Craig's Hut Walking Track

He hails from Snowy River, up by Kosciusko’s side,
Where the hills are twice as steep and twice as rough,
Where a horse’s hoofs strike firelight from the flint stones every stride…
— Excerpt from "The Man from Snowy River", by A.B. "Banjo" Patterson 1890

Craig's Hut was built in 1982 as a set for the iconic Australian film, The Man from Snowy River, based on the classic poem by the Australian bush poet, A.B "Banjo" Patterson. The hut has now become one of the most famous in the Victorian High Country, offering spectacular views of the ranges.

Craig's Hut is approximately a four-hour drive north-east from Melbourne, and is easiest to access via the Circuit Road - 19 kilometres of dirt road from Telephone Box Junction. As many alpine roads are closed over the winter, be sure to check on the Parks Victoria website for road closures and conditions.

If in a two-wheel drive vehicle, parking is available at the Day Visitor Area with a moderately steep trail of 1.2km up to the hut. For those with a four-wheel drive vehicle, there is a four-wheel drive track leading to the hut. However, the hiking trail up to the hut is well-worth the effort, rewarding walkers with stunning views and a spectacular diversity of alpine fauna and flora.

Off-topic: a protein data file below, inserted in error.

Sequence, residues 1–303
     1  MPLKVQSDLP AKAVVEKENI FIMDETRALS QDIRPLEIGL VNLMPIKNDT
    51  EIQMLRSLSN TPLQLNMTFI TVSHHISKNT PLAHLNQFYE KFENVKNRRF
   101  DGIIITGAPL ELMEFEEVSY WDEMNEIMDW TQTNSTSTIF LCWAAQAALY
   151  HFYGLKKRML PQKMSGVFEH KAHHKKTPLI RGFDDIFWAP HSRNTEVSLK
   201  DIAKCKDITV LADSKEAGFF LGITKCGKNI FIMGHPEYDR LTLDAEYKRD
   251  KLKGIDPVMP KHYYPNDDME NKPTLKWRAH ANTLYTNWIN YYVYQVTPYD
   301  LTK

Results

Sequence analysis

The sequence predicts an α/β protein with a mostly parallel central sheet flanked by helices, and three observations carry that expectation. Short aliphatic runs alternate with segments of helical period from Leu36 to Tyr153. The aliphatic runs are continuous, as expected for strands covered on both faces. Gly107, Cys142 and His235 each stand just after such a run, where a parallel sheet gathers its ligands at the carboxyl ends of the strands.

It is a lovely climb through slow-growing, subalpine woodland and low-growing shrubs up to the hut, where patches of burnt snow gum from the 2003 bushfires still remain. In the earlier warmer months, the wildflowers colour the sides of the walking track and there may even be a Flame Robin or two dancing between the shrubs.

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Towards the end of the hike, the woodland opens out to a grassy knoll, and the trail leads around to a door on the north-eastern side of the hut. The grassy field is a perfect place to eat a packed lunch and enjoy the outstanding views across the Victorian Alpine region.


•   Stunning views over the Victorian High Country.

•   Endemic alpine flora and fauna.

•   Famous hut from iconic Australian film.

•   Four-hour drive from Melbourne.

•   Be wary of weather and road conditions.









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Monique Winterhoff is a MSc student at the University of Melbourne studying blood parasites in small mammals on the island of Sulawesi, Indonesia. One of her interests is the combination of art and science, using art as a medium for communicating scientific research.

All images courtesy of Monique Winterhoff.